Poor documentation might be main issue of RDA5807M. There are two datasheet version on the Internet, 1.0 and 1.1, both from 2011 and they are (surprisingly) written in close to correct English, but it seems that either chip was updated or documentation was incomplete and this cost me few solid hours. In "TEA5767 mode" chip had decent reception, but once I switched to native mode it was practically unusable, barely receiving any stations through the noise when placed near the window. Comparing initialization procedure with few other project initially gave no clues. Then small arduino test code got interesting as reception was good with it. Upon closer inspection that code works because it actually doesn't do anything - it sets software reset bit in R2 and apparently this causes all changes to base configuration to be ignored. With try and error R5 writing was proven to cause problem and this is register that also controls volume, so skipping writing to it was not a good option. Reading this register to get default value does not seem to be possible. Accidentally I've looked into python on RPi code - there is 0x0080 bit set in R5 (in datasheet described as "Resvered" with default value = 0) and this works. This bit deserves to be named "R5_UNDOCUMENTED_SHIT" in source code below.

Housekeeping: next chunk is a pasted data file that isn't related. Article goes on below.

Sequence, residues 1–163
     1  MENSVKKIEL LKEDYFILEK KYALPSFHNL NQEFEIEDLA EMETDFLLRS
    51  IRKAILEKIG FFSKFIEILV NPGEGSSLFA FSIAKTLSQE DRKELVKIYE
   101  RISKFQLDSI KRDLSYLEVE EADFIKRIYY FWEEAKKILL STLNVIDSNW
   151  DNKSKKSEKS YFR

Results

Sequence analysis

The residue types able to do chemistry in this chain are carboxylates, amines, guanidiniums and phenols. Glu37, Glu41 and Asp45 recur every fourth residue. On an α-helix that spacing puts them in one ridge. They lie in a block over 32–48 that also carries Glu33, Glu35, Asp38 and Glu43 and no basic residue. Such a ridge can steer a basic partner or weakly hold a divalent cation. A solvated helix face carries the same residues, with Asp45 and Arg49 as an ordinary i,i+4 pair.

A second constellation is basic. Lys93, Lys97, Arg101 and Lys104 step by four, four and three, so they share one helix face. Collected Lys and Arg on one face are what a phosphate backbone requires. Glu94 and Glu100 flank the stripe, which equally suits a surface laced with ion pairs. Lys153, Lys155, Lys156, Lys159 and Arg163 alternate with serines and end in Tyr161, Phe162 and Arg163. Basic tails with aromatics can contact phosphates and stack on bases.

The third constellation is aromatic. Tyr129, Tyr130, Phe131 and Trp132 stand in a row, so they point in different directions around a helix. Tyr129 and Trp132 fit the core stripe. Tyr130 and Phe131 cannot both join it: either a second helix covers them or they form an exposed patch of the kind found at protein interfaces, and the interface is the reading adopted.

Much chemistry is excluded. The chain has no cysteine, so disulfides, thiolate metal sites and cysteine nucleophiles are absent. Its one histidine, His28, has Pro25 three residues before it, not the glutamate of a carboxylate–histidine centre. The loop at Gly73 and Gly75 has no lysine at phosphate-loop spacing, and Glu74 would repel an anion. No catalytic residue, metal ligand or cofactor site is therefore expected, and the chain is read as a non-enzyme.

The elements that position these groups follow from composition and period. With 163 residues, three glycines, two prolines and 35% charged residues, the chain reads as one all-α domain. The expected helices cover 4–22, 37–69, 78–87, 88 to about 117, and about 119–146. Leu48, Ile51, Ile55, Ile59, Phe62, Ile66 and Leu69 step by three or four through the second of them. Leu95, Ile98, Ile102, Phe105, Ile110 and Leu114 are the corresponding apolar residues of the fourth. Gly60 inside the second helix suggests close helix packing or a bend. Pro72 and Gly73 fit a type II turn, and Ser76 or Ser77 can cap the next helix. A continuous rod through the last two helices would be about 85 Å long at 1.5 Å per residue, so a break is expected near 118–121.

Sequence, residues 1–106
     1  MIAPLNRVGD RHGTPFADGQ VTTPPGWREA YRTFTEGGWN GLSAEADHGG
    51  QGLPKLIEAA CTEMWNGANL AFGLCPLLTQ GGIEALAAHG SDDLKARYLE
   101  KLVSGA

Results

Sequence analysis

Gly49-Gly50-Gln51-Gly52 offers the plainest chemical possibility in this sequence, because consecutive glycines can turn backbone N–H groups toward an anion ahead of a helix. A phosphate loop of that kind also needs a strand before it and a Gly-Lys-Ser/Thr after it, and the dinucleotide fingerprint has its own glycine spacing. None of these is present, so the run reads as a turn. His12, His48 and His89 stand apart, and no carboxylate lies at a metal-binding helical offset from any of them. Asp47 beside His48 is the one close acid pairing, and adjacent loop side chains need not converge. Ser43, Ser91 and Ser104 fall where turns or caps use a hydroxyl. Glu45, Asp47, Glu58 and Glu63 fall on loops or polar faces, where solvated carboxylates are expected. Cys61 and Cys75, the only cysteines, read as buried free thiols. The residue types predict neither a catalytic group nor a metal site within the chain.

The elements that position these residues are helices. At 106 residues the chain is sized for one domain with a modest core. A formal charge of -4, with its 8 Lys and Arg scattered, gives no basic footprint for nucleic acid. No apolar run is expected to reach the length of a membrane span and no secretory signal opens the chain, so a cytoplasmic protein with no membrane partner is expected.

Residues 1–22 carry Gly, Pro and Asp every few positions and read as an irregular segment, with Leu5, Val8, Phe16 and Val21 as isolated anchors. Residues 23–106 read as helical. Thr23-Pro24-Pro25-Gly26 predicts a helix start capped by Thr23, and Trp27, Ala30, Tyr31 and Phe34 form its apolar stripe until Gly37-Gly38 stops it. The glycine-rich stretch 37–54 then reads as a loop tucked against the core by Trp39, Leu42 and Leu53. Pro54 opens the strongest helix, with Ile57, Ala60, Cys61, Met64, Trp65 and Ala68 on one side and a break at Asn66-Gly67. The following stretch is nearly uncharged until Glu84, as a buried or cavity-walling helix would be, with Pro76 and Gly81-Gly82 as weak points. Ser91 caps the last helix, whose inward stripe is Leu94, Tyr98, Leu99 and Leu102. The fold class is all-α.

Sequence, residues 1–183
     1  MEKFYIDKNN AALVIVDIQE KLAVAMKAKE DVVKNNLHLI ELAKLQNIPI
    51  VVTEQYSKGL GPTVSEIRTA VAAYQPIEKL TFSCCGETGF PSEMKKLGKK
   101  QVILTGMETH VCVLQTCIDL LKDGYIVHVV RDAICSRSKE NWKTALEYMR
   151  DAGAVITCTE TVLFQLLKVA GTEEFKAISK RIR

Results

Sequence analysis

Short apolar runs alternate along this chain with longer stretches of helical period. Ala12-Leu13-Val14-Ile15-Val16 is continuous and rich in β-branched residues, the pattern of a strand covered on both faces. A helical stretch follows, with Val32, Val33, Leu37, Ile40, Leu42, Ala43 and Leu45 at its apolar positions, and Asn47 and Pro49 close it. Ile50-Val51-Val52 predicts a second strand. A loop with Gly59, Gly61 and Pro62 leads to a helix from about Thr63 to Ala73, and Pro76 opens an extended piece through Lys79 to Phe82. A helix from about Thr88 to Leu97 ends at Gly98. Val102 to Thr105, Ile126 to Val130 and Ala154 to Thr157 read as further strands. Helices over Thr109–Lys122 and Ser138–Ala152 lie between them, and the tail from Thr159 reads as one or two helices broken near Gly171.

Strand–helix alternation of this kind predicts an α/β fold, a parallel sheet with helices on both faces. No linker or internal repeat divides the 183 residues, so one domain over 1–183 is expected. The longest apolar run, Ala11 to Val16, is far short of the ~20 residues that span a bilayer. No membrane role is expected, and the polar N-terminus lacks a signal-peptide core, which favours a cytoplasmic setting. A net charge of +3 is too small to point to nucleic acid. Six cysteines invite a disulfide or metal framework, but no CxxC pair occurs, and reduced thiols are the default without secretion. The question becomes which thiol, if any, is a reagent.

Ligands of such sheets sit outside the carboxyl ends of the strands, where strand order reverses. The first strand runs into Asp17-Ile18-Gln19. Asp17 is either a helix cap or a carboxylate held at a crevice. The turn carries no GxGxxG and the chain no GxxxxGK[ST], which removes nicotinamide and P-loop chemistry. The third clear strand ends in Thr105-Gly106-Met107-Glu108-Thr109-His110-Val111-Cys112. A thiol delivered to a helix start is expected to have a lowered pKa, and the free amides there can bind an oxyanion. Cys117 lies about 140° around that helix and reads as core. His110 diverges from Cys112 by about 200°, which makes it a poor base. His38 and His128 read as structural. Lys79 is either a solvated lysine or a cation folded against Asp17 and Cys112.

As I've ordered and received my RDA5807M modules in 2018 and this undocumented bit is not set in most existing projects, my theory is that RDA5807M received some update while related datasheet version is still not available.

Schematic and Kicad files

RDA5807M AVR radio
Schematic - pdf
RDA5807M + PAM8403 FM radio PCB
RDA5807M + PAM8403 FM radio PCB
RDA5807M + PAM8403 FM radio PCB


I've finally used plain, cheap Z-34B enclosure with few cut outs for connectors (speaker goldpin header, mini-jack for LINE IN, IR sensor, front LED and antenna).
RDA5807M radio
These flat speakers are salvaged from scrapped LCD TVs (LG, e.g. 42LB5610, part numberss EAB62972101, EAB62972102). Their nominal power is 5W (sometimes 10W), these bass-reflex enclosures are relatively big for TV speakers and I guess they are good match for small FM radio.
RDA5807M radio - bookshelf


Built with WinAVR-20100110 (latest version).

 "Cookie monsters": 8155202    Parse time: 0.001 s